You know who thought tablets were a cool idea a decade ago? Bill Gates. Microsoft. So it’s a shame that that they squandered their incredible lead by putting Windows XP on them. Isn’t it ironic that their arch-rival figured out how to do a proper tablet before they did?
Microsoft Screws It Up
Straight out of high school, I thought having a tablet “PC” was cool. I wanted a new computer before I headed off to college in late 2002 and I loved taking notes on my PocketPC. You have to understand Microsoft’s mindset back in the early 00s: they were positioning tablets/slates as portable PCs (essentially laptops without keyboards) that ran miniaturized versions of the full-blown desktop version of Windows. They were designed as PC replacements and aimed directly at enterprise customers and content creators. These were the primitive days when mushy resistive screens primed for stylus input (if you own a standalone GPS unit, you know what a resistive touch screen is) were recognizing your handwriting and interpreting it into Word documents, e-mails and more. The mandatory stylus allowed for some pretty precise control, but as it turned out, not many people were interested in pecking on microscopic icons. Ever.
Excitement died out for these Windows-based tablets pretty quick; few ever seeing wide release. If people were going to create content on the go, they could get a comparably priced laptop that was far more capable and easier to use. In the end, Microsoft never really figured it out.
Apple Gets It Right…
With the iPad, Apple figured out how the tablet form factor is supposed to work: rather than squeeze their O/S X desktop environment into a glass and metal slab, they up-converted the hyper-intuitive interface from their ultra popular iPhone and iPod Touch lines. Already hooked up to a massive library of apps and games, the iPad became an instant hit. Apple discovered that maybe tablets weren’t that great for content creation, but content consumption instead. You don’t buy an iPad to write a novel, you buy one to read them; you don’t buy one to edit movies, but to watch them, and so forth. Using a capacitive-touch screen (one that detects interaction based on human contact, allowing for cool stuff like multi-touch) the iPad – like its smaller cousins – sported a thumb-ready experience that was easy to use whether you used an iPod or a Droid smartphone. The stylus and the handwriting recognition? Cast out to sea.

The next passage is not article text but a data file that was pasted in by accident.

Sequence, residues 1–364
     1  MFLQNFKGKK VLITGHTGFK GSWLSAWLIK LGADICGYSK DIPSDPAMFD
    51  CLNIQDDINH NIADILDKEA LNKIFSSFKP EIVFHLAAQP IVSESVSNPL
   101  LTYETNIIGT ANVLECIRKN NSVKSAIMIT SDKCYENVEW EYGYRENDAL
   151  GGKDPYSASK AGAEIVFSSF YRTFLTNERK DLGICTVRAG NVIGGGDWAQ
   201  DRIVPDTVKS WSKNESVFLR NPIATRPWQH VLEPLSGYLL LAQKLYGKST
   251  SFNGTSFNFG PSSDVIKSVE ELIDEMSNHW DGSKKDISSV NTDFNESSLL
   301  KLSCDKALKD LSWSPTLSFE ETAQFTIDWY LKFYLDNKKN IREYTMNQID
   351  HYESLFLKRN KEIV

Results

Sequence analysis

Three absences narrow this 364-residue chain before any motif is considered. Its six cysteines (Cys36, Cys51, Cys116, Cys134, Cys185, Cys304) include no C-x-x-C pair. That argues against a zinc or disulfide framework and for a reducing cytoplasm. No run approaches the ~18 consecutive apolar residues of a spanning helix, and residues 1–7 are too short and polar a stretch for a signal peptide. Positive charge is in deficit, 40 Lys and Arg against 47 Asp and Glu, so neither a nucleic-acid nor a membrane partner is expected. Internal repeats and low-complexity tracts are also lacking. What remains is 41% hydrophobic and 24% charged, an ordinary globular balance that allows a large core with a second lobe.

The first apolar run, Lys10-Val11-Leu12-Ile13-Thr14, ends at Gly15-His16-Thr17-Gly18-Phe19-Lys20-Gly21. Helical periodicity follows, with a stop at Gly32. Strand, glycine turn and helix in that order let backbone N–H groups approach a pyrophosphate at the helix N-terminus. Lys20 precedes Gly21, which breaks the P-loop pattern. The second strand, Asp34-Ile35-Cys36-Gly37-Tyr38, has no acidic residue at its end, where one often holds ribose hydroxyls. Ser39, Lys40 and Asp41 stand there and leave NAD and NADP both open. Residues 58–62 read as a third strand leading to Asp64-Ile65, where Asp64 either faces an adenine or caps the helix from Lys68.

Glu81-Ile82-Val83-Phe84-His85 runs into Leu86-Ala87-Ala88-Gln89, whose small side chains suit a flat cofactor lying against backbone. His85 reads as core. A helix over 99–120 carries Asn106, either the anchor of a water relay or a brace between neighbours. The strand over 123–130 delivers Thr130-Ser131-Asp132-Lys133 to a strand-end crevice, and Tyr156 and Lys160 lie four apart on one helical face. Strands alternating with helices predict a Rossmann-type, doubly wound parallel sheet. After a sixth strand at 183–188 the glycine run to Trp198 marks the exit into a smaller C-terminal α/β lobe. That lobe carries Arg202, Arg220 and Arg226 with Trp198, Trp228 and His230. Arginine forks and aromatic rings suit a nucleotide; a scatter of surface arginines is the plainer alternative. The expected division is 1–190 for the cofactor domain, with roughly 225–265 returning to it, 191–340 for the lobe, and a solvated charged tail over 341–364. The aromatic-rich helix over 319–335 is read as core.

…And Everyone Copies Them
With the success of the iPad, everyone’s been rushing out to create tablets. The open nature of the Android operating system got everyone excited about stretching their smartphone experiences to the larger hardware. At this year’s Consumer Electronics Show, Google announced the Honeycomb version of Android, an experience tailor-built for new tablets, leaving devices like Dell’s Streak and Samsung’s Galaxy Tab – which use older, stock versions of the operating system – at an evolutionary dead end. Microsoft also used CES to announce that they got their nex generation desktop version of Windows running on ARM architecture, which means that Windows 8 will run on smartphones and tablets with ease. Despite the revelation, it looks like Microsoft is still eyeing the tablet as a cool way to mobilize the Windows desktop. It didn’t work a decade ago, it won’t work now.
We’re bound to see more of these things pop up over the next few years as they continue to cannibalize laptop sales. Maybe I’ll pick up the one where Ballmer decides to put Windows Phone on a slick black slate…